“ ‘When the markets start to see some of the data on unemployment rising and economic growth and corporate earnings contracting, there will be another level of panic in the market.’ ”
Scott Minerd is looking for opportunities to dip his toes into the coronavirus-stricken stock market. However, you may not find him wading into equities anytime soon if the outlook for the economy is as grim as he is forecasting.
The global chief investment officer at Guggenheim Partners, in a Sunday research report, estimated that the worst may be far from over for the S&P 500 and the broader market, which is attempting to face a harsh new reality framed by a global economic slowdown created by the outbreak of COVID-19.
As of Friday’s close, the S&P 500 SPX, -1.51% was at 2,488.65, down 26.5% from its Feb. 18 record closing high. However, Minerd estimated that the index could justifiably fall to 1,500 over time if the realization of woeful corporate earnings and the economic devastation of the pathogen sets in. A drop of that magnitude would represent a worst-case scenario, based on Guggenheim’s models.
Minerd explained it this way:
But one thing I would caution is that if earnings continue to fall as I expect them to, S&P earnings could get as low as $100 this year. Given the traditional market multiple of about 15 times earnings, that would put the S&P at about 1,500, still about a thousand points lower than we are today. Certainly, we are down from the recent peak of 3,386, so we’ve made a big move, but we still have a pretty good move to make. Investors should probably focus their activity on bonds at this point.
With that in mind, the CIO said battered airline names and hospitality shares could be eminently risky bets now because some of those businesses will never return to their pre-outbreak levels, if they return at all.
Airline companies, including Delta Air Lines DAL, -0.88%, United Airlines-parent United Airlines Holdings UAL, -2.28% and American Airlines Group Inc. AAL, -6.66% have been bludgeoned and are down by at least 60% year to date, as travel has been severely hit by efforts to contain the pandemic.
Minerd said his outlook has darkened considerably further on the economy because the data has been worse than he had estimated.
Indeed, the Labor Department report on Friday showed that a stunning 701,000 workers lost their jobs last month, representing the worst monthly labor-market reading in 11 years and far exceeding estimates for around 83,000. All three stock indexes on Friday finished lower, including the S&P 500, the Dow Jones Industrial Average DJIA, -1.68% and the Nasdaq Composite Index COMP, -1.52%.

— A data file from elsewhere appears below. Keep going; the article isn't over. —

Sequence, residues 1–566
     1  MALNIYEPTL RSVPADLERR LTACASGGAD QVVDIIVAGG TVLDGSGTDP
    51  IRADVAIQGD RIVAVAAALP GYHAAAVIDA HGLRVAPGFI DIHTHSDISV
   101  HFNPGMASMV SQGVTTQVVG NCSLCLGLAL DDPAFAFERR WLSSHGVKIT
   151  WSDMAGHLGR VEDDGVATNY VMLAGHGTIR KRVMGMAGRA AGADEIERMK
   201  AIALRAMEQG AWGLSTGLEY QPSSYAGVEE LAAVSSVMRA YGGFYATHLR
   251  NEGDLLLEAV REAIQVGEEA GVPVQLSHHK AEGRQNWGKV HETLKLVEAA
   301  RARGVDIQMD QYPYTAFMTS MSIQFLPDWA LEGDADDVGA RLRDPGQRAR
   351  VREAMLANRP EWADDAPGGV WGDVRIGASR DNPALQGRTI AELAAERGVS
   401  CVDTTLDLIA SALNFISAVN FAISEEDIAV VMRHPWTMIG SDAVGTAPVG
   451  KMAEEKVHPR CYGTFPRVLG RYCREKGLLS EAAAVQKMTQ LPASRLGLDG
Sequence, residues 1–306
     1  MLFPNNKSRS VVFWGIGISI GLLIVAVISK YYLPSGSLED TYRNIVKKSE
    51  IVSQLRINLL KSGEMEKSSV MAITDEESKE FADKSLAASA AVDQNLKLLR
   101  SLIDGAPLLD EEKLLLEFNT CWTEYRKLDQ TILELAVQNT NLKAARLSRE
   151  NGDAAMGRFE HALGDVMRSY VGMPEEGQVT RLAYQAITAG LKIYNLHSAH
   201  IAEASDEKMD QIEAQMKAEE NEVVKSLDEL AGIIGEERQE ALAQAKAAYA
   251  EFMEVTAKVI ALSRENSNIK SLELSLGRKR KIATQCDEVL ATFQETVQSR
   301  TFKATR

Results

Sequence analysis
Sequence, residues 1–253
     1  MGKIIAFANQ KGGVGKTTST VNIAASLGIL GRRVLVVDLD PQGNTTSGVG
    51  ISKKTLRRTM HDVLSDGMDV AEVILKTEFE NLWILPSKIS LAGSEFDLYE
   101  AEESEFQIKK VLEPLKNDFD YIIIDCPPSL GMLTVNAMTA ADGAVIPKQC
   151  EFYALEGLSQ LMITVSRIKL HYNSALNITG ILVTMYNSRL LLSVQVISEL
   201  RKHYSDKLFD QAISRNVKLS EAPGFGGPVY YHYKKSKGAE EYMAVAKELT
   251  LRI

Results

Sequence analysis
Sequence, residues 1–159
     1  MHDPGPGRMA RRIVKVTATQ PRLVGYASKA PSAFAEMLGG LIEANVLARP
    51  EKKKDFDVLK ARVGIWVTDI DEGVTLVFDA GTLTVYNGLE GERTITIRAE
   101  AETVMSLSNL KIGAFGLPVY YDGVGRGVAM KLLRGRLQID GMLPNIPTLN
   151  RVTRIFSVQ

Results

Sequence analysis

That data came a day after a separate report showed a record 6.6 million Americans applying for unemployment benefits, bringing the increase in new jobless claims in the past two weeks of March to about 10 million.
More broadly, the Guggenheim investor said he’s anticipating that gross domestic product for the U.S. will contract well over 10%.
“Probably the most surprising thing to me at this point is how well the markets are holding up,” Minerd said. “Given the economic data, and given the fact that large portions of the capital markets are still virtually closed for business, I would have expected stock prices to be lower at this point,” he said.
By some measures, it may take the economy four years to return to normalcy. If there is a silver lining, that will leave interest rates at rock-bottom levels for the much of the coming decade.
Against that backdrop, Minerd said he’s looking at investment-grade corporate and municipal bonds, as well as select securities in structured credit and high-yield, “where prices have dropped.” He advised that investors for now focus on high-quality investments in fixed income.
“ As this situation continues to play out, we will slowly increase our risk tolerance and watch for more buying opportunities,” he wrote.
“It’s time to start nibbling, not gorging on these values,” he said.
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